The Beale Street Sheik – FRANK STOKES
Frank Stokes was a pioneer of the Memphis Blues tradition. Although his exact date of birth is unconfirmed, many researchers believe he was born in either January 1, 1888, or January 1, 1877, in Whitehaven, an area south of Memphis in Mississippi. He had lost his parents at an early age and then lived with a family in Tutwiler, Mississippi. He learned blacksmithing and picked up playing the guitar. Eventually, to earn extra money, Stokes started traveling to Memphis to busk on the weekends.
Stokes & A Decade of Touring
The bluesman hit the streets of Memphis right when blues was popular amongst those in the deep south. He played many different styles of music, including a vast number of folk songs and pre-war blues. He played at house parties, clubs, and on the street. The young and eager bluesman started touring with the Doc Watts Medicine show during the 1910 and toured the southern states during WWI. He was also known to have played a few shows with larger acts also, such as the Ringling Brothers Circus.
Playing the stages of the medicine shows provided many new opportunities to play music and meet other musicians. Blues researcher Paul Oliver states that several sources recalled Jimmie Rodgers performed in one medicine show with Stokes. Some researchers speculate that that time might have been when Rodgers picked up the catchy tune In the Jailhouse Now, as it had been a popular song for a time amongst black entertainers.
A Return to Memphis
After touring with the medicine shows on and off for about a decade, Stokes returned to Memphis to work as a blacksmith. He still played music to supplement his income, entertaining at barbecues, house parties and on the street. Witnesses recall him playing in front of the J. J. Arnold grocery store on Saturday nights, gathering very large crowds. He played all sorts of styles of music, from ragtime to waltzes.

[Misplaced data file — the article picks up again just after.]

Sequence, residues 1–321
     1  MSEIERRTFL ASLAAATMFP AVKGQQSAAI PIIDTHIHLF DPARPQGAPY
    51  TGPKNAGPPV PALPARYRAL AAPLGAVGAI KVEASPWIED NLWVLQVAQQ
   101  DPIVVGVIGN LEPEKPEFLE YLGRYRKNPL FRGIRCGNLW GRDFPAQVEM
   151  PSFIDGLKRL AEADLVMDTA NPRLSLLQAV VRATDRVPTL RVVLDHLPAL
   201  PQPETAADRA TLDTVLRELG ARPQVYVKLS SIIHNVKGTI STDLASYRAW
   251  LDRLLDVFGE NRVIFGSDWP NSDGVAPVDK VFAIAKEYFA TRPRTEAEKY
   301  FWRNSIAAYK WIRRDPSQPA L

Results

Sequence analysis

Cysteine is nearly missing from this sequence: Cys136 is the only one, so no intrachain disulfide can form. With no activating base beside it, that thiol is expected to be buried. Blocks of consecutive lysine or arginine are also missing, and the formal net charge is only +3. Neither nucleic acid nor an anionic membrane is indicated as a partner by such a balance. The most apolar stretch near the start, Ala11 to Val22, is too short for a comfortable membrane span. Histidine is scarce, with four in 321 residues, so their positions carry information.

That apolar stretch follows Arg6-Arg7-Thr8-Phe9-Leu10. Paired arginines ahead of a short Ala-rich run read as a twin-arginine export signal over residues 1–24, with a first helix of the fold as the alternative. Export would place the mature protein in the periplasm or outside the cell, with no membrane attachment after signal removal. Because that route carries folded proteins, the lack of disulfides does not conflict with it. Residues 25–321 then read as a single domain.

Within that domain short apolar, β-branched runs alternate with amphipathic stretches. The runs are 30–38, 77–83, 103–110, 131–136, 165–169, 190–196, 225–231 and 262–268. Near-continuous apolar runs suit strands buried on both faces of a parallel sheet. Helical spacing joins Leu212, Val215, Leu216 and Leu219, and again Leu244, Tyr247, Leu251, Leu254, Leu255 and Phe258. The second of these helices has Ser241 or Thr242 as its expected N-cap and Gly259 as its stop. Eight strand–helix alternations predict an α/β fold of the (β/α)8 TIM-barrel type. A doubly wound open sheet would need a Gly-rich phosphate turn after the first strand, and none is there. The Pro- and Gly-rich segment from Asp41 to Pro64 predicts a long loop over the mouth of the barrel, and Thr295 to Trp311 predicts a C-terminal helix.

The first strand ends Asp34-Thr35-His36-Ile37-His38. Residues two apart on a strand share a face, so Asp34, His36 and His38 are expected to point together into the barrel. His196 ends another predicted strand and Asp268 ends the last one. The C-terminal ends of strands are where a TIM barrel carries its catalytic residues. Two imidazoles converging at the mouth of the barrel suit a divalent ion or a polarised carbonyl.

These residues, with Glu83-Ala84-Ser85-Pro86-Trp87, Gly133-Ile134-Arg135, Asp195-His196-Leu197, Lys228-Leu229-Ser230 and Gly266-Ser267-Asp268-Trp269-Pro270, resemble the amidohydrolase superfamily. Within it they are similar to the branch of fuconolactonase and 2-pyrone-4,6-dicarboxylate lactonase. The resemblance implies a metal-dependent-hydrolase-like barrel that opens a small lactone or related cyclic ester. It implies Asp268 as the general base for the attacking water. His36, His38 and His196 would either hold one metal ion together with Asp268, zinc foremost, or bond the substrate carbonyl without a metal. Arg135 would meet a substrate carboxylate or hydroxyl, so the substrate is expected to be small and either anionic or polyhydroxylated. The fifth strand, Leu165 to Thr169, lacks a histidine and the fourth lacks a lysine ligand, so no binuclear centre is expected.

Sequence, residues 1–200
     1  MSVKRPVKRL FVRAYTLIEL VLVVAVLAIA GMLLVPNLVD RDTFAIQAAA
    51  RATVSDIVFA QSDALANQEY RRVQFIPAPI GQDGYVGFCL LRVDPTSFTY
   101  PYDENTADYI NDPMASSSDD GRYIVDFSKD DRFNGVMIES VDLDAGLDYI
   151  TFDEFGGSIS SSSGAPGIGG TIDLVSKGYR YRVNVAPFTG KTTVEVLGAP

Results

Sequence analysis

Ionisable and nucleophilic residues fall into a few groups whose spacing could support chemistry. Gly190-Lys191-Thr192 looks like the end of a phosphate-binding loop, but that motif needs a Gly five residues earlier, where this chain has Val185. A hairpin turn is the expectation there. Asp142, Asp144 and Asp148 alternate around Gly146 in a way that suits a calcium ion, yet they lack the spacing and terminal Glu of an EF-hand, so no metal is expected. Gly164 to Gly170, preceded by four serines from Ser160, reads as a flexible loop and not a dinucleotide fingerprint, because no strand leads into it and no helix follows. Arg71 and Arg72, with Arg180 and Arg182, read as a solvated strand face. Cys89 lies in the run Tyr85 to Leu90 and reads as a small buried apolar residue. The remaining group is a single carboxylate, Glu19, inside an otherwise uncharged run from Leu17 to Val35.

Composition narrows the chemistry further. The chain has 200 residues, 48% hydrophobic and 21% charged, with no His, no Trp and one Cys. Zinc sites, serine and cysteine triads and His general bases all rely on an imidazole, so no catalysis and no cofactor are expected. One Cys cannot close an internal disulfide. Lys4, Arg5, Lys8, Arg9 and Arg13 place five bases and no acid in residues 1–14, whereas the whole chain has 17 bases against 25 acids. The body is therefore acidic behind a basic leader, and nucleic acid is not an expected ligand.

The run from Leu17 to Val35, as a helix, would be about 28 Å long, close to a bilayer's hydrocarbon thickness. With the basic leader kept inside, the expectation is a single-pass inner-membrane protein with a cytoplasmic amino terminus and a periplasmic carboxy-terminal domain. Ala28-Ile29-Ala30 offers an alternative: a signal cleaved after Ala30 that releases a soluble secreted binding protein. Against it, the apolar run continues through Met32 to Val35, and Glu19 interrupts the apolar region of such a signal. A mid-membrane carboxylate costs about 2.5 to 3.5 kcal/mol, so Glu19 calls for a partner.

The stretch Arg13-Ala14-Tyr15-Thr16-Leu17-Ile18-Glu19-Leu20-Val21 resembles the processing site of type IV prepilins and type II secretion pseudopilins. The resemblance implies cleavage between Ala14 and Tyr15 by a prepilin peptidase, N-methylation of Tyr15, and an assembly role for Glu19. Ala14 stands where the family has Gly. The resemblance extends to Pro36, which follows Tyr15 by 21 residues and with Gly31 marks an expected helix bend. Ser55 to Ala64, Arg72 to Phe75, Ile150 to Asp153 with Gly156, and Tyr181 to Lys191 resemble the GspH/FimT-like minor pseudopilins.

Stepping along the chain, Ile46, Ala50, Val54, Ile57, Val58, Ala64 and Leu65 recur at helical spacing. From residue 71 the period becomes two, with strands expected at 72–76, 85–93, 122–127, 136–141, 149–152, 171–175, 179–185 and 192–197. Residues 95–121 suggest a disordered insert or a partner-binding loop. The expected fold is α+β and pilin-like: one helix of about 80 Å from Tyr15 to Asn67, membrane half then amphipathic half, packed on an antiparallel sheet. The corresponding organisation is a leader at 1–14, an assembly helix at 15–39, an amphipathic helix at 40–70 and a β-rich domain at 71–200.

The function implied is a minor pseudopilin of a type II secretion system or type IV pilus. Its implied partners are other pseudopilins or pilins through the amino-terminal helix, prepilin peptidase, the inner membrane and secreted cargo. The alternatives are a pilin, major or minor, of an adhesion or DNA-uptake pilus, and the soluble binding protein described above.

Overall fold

Through the buzz of the 1920s, Stokes remained a successful figure in the Memphis Blues scene. His varying song list and ways of picking kept folks interested in the music he had to offer. Frank Stokes laid down the foundation of what would be known as the “Memphis sound” by both staying with his pre-blues roots and flavoring his playlist with popular ragtime numbers, waltzes, and foxtrots.
Memphis was a huge draw in the southern US for music. The town attracted many notable pickers. Gus Cannon, John Estes, Jim Jackson, Willie Brown, Jack Kelley, Will Batts, Milton Roby, “Memphis” Willie Borum, Memphis Minnie, and Will Shade (Son Brimmer) are all blues artists that Stokes had a chance to collaborate with while in Memphis. At the time he was older than most of his musical peers but seemed to have no lack of steam. Dan Sane, considered to be one of the most underappreciated blues guitar players of the 1920s, was Stokes’ primary musical partner at this point in time. Sane also played guitar for Jack Kelly’s South Memphis Jug Band.
Recording 38 sides total for Paramount and Victor Records, Frank Stokes started recording in 1927 with Dan Sane. They recorded as the Beale Street Sheiks. Although Stokes did record a good number of solo songs, Sane became a more frequent addition to his recordings. Also frequently invited was fiddle player Will Batts, who was the main player for the popular band Jack Kelly and The South Memphis Jug Band. At the end of September in 1929, over a period of 3 days, Stokes recorded for the last time.
Although Stokes continued to play after 1929, his popularity diminished. He played for a time with Bukka White but eventually left his wife and Memphis to move to Clarksdale. He passed away in September of 1955 and was buried in an unmarked grave at Hollywood Cemetery on September 18th, 1955. Medical records point to kidney failure, which caused him to have a stroke.
December 30, 2017